Voting: Why It Matters Kickoff Brings Crowd of Engaged Participants to Discussion of Powerful Indigenous Women

Nearly 100 Participants Join Zoom Meeting

SDHC drew a large, enthusiastic virtual crowd for the first "Voting: Why It Matters" statewide discussion on the importance of civic participation.

Nearly 100 participants joined the Dec. 15 Zoom screening and discussion of the short film "Without a Whisper/Konnon:Kwe" – the untold story of the proud influence of Indigenous women on the beginning of the United States women's rights movement .

Following the screening, Professor Sally Roesch Wagner, Mohawk Bear Clan Mother Louise Herne (both featured in the film), and filmmaker Katsitsionni Fox fielded numerous questions from attendees who were fascinated by the film and its societal implications.

"We were so pleased with how many highly-engaged participants tuned in for this kickoff event," said organizer Jennifer Widman, director of the South Dakota Humanities Council's statewide Festival of Books. "We're excited to engage more people with upcoming events featuring Louise Erdrich, Gloria Steinem and others. Topically, this program is so important right now."

'Why Voting Matters' a National Initiative

The Mellon Foundation awarded $1.96 million to the Federation of State Humanities Councils to support a new national initiative, "Why It Matters: Civic and Electoral Participation," which explores civic participation as it relates to electoral engagement in a multivocal democracy.

South Dakota is one of 43 U.S. states and territories selected to participate in the initiative, which begins this month and will run through spring 2021.

A Powerful Society of Tribal Women

The subject of the Dec. 15 discussion, "Without a Whisper/Konnon:Kwe" explores the Haudenosaunee, a matriarchal society of tribal women (Seneca, Cayuga, Onondaga, Oneida, Mohawk and Tuscarora) that is still active today. The women controlled land and dictated the laws of their society. In marriage, men moved into the woman's home and could be removed for being abusive.

SDHC received rave reviews during and after the program, including the below comments from audience evaluations:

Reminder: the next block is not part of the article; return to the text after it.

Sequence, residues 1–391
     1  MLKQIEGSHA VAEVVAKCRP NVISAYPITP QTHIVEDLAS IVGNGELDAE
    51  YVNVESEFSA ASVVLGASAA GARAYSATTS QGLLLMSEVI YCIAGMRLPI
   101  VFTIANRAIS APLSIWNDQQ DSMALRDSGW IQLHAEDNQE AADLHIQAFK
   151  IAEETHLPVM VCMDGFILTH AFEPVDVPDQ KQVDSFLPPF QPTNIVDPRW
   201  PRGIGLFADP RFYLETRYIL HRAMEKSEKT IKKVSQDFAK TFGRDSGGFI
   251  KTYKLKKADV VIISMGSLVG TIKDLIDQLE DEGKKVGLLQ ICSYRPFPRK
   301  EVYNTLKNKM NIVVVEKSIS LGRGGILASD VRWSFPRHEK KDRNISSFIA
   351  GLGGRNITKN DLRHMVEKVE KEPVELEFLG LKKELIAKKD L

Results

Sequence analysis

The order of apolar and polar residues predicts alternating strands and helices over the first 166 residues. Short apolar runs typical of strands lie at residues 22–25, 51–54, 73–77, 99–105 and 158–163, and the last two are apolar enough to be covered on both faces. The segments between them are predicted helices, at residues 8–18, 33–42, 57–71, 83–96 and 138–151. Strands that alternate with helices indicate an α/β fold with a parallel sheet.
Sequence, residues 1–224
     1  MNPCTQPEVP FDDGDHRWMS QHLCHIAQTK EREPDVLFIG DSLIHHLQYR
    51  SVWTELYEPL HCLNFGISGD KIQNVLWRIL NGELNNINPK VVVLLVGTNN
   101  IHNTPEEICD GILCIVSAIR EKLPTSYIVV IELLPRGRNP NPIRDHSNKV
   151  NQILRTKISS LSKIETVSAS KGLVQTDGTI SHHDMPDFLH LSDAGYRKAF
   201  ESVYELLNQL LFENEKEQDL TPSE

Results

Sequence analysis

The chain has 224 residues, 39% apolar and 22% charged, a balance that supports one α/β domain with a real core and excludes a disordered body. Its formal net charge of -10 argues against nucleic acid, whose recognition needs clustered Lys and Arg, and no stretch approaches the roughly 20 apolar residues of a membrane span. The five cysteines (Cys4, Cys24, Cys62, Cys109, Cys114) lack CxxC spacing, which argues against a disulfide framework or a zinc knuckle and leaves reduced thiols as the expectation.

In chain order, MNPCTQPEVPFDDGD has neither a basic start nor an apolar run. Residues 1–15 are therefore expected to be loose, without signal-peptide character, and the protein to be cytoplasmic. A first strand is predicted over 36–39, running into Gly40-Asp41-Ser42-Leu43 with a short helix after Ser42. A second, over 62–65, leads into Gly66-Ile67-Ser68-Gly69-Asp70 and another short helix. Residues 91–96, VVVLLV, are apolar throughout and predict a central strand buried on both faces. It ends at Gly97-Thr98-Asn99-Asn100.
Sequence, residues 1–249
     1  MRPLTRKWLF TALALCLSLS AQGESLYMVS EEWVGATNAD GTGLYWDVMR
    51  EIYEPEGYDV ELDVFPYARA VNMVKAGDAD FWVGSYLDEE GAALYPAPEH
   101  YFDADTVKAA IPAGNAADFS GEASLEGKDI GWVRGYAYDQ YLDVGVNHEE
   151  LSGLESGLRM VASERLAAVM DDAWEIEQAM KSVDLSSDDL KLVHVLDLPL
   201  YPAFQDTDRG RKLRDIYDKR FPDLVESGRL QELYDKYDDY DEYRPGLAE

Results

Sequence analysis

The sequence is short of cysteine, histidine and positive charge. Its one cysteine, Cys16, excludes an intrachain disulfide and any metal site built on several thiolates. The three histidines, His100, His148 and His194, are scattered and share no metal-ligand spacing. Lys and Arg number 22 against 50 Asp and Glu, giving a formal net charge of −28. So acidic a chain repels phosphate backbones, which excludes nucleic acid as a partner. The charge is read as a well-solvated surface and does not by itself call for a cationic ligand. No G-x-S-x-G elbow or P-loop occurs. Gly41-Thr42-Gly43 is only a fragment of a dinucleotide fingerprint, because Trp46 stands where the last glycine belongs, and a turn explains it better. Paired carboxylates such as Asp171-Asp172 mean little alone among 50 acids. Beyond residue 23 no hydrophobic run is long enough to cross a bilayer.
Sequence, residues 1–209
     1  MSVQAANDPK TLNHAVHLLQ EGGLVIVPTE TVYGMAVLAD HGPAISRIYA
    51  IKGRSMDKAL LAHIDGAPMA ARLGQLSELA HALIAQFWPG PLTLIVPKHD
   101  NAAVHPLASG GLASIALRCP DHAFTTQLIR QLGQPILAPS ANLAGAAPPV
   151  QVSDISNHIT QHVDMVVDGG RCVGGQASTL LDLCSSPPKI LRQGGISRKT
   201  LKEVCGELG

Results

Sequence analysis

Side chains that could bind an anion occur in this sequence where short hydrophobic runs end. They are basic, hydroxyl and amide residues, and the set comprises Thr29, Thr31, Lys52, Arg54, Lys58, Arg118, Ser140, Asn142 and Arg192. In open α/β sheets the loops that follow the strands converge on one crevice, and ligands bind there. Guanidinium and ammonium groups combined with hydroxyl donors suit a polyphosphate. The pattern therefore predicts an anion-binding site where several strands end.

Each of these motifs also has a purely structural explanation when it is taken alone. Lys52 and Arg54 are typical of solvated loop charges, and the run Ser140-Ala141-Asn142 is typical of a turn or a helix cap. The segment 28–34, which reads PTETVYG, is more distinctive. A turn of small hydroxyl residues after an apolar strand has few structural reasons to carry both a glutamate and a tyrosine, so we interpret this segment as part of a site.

• "I enjoyed this program very much; the film was great and the discussion was brilliant and informative."
  • "So enlightening. As a colonial settler white woman, I was learning about the matriarchy of the tribes. The beginnings of democracy that I had not heard before. Thank you. I'm interested in making amends and empowering all women but also in restoring the Native women to original role of caring and leading."
  • "I am so happy I attended this event. The documentary was so good and the women on the panel provided a great deal of wisdom. I learned a lot."

Kelly Kirk, a member of the SDHC board of directors, said programs like "Voting: Why It Matters" have made a tremendous impact in South Dakota during the coronavirus pandemic.

"While I know programming has changed dramatically this year, I have to say, these virtual events have allowed me to surprise family and friends with tickets, enabling them to participate in events they might not have been able to attend in person," she said. "We are all grateful to the Humanities Council for such unique and incredible opportunities."

The screening is the first of a series of programs that will include guests such as Gloria Steinem, Louise Erdrich, Thomas E. Patterson and Robert V. Burns, as well as additional regional experts on voting access and engagement, particularly among Native Americans. All events are free.

Attend More 'Voting' Events

Information about additional events, including signup information, will be distributed via SDHC's monthly e-newsletter. Sign up for the e-newsletter at


  • Gloria Steinem in conversation with Sally Roesch Wagner via Zoom Webinar at 7 p.m. CT on Thursday, Feb. 18
  • Thomas E. Patterson in conversation with Robert V. Burns, date and time TBA.
  • Louise Erdrich in a panel discussion centered on voting issues, date and time TBA.

Additional Resources